T. M. Pal; J. W. Groothoff; D. Post…

2000-08-01T23:59:59.000Z

139

The Formerly Utilized Sites Remedial Action Program (FUSRAP) was initiated in 1974 to identify, investigate, and clean up or control sites throughout the United States that were part of the Nation's early atomic weapons and energy programs during the 1940  

E-Print Network (OSTI)

The Formerly Utilized Sites Remedial Action Program (FUSRAP) was initiated in 1974 to identify regulatory, technical, and other issues considered in decision making within the FUSRAP. BACKGROUND The Great activities at three Formerly Utilized Sites Remedial Action Program (FUSRAP) sites and continues remediation

US Army Corps of Engineers

140

Superfund Record of Decision (EPA Region 4): Medley Farms, Cherokee County, Gaffney, SC. (First remedial action), May 1991. Final report  

SciTech Connect

The 7-acre Medley Farms site is a former waste disposal area located on a private farm used as pasture 6 miles south of Gaffney, Cherokee County, South Carolina. Land use in the area is predominantly agricultural and light residential, and six private wells are within a 1-mile radius of the site. The site overlies a shallow saprolitic and a deeper bedrock aquifer. All residents in the near vicinity of the site are connected to the public water distribution system. EPA conducted a geological study to determine the potential for ground water contamination. Subsequent EPA studies identified VOCs in both soil and ground water. The Record of Decision (ROD) addresses soil and ground water contamination as a final remedy. The primary contaminants of concern affecting the soil and ground water are VOCs including benzene, PCE, and TCE; and other organics including pesticides and PCBs. The selected remedial action for the site is included.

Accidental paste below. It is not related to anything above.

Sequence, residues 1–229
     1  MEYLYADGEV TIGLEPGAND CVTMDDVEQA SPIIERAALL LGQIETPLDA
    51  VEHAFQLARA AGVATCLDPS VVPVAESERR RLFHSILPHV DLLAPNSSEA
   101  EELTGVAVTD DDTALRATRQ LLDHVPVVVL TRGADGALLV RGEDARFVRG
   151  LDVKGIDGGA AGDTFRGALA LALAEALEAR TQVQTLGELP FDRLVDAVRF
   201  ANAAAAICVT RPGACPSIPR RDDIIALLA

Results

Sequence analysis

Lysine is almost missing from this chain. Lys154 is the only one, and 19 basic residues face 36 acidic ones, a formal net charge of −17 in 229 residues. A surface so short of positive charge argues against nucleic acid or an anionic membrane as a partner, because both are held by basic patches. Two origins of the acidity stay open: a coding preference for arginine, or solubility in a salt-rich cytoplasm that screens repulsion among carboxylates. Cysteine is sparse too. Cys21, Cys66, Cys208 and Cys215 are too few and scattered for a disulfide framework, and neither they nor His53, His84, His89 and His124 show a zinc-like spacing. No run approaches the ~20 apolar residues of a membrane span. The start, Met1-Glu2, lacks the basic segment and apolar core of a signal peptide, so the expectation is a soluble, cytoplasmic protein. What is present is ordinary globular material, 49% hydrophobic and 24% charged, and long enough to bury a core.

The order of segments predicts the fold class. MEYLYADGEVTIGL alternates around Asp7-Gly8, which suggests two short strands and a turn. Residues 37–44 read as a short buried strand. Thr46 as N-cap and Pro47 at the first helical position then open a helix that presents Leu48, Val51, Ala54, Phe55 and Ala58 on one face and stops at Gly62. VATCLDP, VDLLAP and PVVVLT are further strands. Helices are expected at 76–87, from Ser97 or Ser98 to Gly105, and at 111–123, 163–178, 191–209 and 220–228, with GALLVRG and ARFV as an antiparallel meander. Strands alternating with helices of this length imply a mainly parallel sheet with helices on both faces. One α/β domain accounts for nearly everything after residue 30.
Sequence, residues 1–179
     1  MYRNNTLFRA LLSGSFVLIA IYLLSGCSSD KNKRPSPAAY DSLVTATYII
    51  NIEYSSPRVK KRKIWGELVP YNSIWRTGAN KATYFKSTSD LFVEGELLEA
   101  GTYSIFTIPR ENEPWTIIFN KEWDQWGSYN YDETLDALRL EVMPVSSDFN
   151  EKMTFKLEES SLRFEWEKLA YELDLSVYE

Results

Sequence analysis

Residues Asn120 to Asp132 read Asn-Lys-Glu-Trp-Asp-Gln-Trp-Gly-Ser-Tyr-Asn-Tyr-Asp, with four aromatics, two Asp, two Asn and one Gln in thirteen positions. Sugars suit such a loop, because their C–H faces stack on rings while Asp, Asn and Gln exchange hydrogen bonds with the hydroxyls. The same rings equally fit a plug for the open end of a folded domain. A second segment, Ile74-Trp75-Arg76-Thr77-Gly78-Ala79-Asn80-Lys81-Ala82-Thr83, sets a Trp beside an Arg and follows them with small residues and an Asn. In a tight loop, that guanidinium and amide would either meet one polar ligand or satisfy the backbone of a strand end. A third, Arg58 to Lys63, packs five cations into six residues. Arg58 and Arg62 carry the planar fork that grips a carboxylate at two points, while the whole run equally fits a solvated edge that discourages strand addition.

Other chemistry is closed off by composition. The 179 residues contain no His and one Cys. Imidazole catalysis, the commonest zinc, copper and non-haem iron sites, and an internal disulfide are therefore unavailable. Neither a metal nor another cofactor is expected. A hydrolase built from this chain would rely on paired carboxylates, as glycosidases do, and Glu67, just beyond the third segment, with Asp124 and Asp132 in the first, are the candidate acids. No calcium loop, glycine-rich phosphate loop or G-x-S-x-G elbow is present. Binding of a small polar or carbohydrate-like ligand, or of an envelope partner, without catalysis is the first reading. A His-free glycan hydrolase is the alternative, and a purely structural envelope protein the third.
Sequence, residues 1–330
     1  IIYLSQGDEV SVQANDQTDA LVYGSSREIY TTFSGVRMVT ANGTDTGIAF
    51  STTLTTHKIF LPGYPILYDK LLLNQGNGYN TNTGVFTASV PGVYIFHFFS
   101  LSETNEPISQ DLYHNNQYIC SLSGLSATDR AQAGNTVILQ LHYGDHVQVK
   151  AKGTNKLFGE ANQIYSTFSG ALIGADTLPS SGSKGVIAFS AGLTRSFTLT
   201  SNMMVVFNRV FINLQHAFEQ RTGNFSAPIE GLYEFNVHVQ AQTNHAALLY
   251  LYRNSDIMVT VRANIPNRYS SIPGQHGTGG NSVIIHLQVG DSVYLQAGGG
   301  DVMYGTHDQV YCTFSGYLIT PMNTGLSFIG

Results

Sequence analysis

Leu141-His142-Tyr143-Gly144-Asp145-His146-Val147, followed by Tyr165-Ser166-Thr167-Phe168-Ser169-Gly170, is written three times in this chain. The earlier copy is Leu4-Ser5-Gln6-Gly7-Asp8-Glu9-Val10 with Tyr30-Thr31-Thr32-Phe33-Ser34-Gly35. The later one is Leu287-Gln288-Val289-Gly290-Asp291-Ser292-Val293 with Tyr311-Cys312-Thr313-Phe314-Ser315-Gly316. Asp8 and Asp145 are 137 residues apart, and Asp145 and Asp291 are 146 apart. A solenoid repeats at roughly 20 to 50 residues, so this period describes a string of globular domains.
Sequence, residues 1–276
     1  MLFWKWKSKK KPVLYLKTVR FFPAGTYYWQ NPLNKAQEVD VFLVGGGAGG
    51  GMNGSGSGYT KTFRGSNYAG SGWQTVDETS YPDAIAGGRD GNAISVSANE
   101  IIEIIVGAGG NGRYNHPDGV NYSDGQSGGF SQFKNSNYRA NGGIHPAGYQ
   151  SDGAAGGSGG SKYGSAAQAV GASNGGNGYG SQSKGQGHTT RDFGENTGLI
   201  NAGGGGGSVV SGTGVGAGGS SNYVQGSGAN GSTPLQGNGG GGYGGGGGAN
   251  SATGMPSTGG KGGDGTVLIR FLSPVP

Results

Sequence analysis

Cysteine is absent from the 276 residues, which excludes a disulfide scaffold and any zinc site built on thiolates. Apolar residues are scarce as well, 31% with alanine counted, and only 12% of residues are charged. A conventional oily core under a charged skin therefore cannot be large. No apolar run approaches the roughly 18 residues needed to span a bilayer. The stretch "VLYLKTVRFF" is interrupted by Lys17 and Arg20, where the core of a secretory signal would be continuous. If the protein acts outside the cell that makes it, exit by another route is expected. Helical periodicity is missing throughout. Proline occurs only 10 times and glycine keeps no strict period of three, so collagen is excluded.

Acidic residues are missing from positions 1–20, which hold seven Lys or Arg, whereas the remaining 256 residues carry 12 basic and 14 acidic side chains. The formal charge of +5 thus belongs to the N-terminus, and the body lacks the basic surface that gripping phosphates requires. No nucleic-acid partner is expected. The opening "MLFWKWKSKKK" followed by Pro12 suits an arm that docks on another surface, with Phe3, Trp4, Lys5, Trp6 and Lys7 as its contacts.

Not Available

1991-05-29T23:59:59.000Z

Note: This page contains sample records for the topic "remedial action scheme" from the National Library of EnergyBeta (NLEBeta).
While these samples are representative of the content of NLEBeta,
they are not comprehensive nor are they the most current set.
We encourage you to perform a real-time search of NLEBeta
to obtain the most current and comprehensive results.


141

A New Framework for Adaptive Sampling and Analysis During Long-Term Monitoring and Remedial Action Management  

SciTech Connect